“Wickedest Ward in New York”: Robert Slayton, Empire Statesman: The Rise and Redemption of Al Smith (Free Press, 2001), Chapter 2.

“I’m to be an Irish landlord”: “Smith to Head Firm Erecting 80-Story Tower,” New York Herald Tribune (August 30, 1929).

“Mr. Speaker, I have just heard”: Slayton, Empire Statesman, Chapter 3.

“There are no pikers in this organization”: “Smith Denies He’s through with Politics,” New York Telegram (August 30, 1929).

“But this building we’re going to put up”: “Smith to Head Firm Erecting 80-Story Tower,” New York Herald Tribune (August 30, 1929); “Smith Denies He’s through with Politics,” New York Telegram (August 30, 1929); “80-Story Tower Will Rise Soon,” New York Sun (August 30, 1929); “Smith to Build Highest Skyscraper,” New York Times (August 30, 1929); “New Waldorf-Astoria Building 80-Stories High,” Record & Guide (September 7, 1929); “Al Smith, Builder, to Stay in Politics,” New York Evening Post (August 30, 1929). [Note: This scene is brought together by weaving together these sources.]

But on or about September 1: “New Skyscraper Race Is Won by The Bank of The Manhattan Company,” New York Telegram (October 18, 1929).

“Made to learn the closely guarded”: Paul Starrett, Changing the Skyline (Whittlesey House, 1938), p. 283.

INTERLUDE

“If a man saves fifteen dollars”: William Klingaman, 1929: The Year of the Great Crash (Harper & Row, 1989), pp. 211–12.

Labor Day weekend offered: New York Times (September 2–4, 1929); New York Evening Post (September 2–4, 1929).

“Dow Jones could climb”: Gordon Thomas and Max Morgan-Witts, The Day the Bubble Burst: A Social History of the Wall Street Crash of 1929 (Doubleday, 1979), p. 274.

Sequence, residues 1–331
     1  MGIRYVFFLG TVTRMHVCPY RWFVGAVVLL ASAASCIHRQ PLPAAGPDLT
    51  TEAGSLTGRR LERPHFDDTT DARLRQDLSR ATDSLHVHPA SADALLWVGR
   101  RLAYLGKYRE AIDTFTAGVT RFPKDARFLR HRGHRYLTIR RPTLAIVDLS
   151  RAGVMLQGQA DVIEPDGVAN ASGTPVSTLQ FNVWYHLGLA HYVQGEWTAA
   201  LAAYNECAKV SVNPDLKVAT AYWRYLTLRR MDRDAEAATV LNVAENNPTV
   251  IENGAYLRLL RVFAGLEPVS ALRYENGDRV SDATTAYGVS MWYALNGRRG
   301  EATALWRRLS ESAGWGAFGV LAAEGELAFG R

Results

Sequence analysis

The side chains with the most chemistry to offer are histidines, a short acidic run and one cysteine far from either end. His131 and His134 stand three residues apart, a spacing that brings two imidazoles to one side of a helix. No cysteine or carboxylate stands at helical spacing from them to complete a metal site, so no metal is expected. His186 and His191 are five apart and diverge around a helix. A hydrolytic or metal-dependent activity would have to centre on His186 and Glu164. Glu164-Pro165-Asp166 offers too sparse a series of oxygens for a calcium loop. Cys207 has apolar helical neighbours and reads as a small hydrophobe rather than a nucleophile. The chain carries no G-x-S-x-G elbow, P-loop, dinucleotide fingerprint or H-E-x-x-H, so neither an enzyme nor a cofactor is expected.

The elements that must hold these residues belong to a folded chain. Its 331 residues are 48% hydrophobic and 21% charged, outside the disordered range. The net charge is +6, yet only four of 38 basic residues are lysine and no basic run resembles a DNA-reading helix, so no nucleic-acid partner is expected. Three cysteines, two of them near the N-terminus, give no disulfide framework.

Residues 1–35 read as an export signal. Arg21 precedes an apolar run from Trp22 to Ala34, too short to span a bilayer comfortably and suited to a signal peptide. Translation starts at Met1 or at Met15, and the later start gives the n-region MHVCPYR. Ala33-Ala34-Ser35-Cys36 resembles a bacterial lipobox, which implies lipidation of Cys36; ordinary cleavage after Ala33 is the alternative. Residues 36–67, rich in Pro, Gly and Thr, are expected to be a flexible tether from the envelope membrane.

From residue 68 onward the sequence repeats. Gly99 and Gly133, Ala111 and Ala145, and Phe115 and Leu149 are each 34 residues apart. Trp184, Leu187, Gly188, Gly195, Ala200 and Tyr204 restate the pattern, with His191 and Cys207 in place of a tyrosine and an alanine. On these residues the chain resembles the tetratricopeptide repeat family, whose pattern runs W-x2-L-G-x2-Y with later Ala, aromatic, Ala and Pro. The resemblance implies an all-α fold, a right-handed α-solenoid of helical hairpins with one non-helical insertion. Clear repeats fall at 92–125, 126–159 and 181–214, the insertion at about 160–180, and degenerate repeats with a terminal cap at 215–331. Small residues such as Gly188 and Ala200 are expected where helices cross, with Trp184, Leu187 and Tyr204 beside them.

“Wall Street was pandemonium”: Ric Burns and James Sanders, New York: An Illustrated History (Knopf, 1999), p. 367.

“You could talk about Prohibition”: John Brooks, Once in Golconda: A True Drama of Wall Street 1920–1938 (W. W. Norton & Company, 1969), p. 82.

Throughout the summer the bull market: John Kenneth Galbraith, The Great Crash: 1929 (Houghton Mifflin Company, 1988).

“a new era of prosperity”: Vincent Curcio, Chrysler: The Life and Times of an Automotive Genius (Oxford University Press, 2000), p. 462.

“a young banker had put every dollar”: Klingaman, 1929, p. 219.

“as little an intrest or shear”: Ibid., p. 220.

“The summer holiday is now”: New York Evening Post (September 3, 1929).

CHAPTER 11

“What figure the poet”: Robert A. M. Stern, Gregory Gilmartin, and John Montague Massengale, New York 1930: Architecture and Urbanism Between Two World Wars (Rizzoli, 1987), p. 505.

“an absence of motion”: William Van Alen, “Architect Finds New Designs in Frame of Steel,” New York Herald Tribune (September 7, 1930).

Above these setbacks, the tower rose: Eugene Clute, “The Chrysler Building, New York,” The Architectural Forum (October 1930).

“The tower should grow out of the lower”: William Van Alen, “Architect Finds New Designs in Frame of Steel.”

“This is not a building for investment”: “Chrysler Awards Given,” New York Times (September 11, 1929).

“the better you do your work”: “Chrysler Building Workers Honored,” New York Sun (September 10, 1929).

A race between skyscrapers suited: Edwin Emery and Henry Ladd Smith, The Press and America (Prentice Hall, 1954), p. 514; pp. 624–29.

Safe from the spotlight: Ross King, Brunelleschi’s Dome: How a Renaissance Genius Reinvented Architecture (Walker & Company, 2000), pp. 49–52; pp. 160–61.

Under the guidance of Rogers: William G. Wheeler, “Safeguarding Construction Crews in a Great Skyscraper,” Buildings and Building Management (December 2, 1929).

The steelworker’s premium rate, $15.40 a day: C. G. Poore, “The Riveter’s Lofty Panorama,” New York Times Magazine (January 5, 1930).

“Prince of Wales of the Girders”: Margaret Norris and Brenda Ueland, “Riding the Girders,” Saturday Evening Post (April 11, 1931).

“wore out the most clothes”: Ibid.

When the derrick brought up: “Skyscrapers: Builders and Their Tools,” Fortune (1930).

“the most dangerous part of the work”: C. G. Poore, “The Riveter’s Lofty Drama.”

“find themselves on a narrow beam”: Norris and Ueland, “Riding the Girders.”

“We have an old axiom”: Harold McClain, “Above and Beyond the Ladders,” Empire State Building Commemorative Issue (April 30, 1981).

“When a steel man gets through”: William Bridges, “In the Eyes of a Steel Worker,” New York Sun (January 29, 1930).

“You get to love it and can’t quit it”: Norris and Ueland, “Riding the Girders.”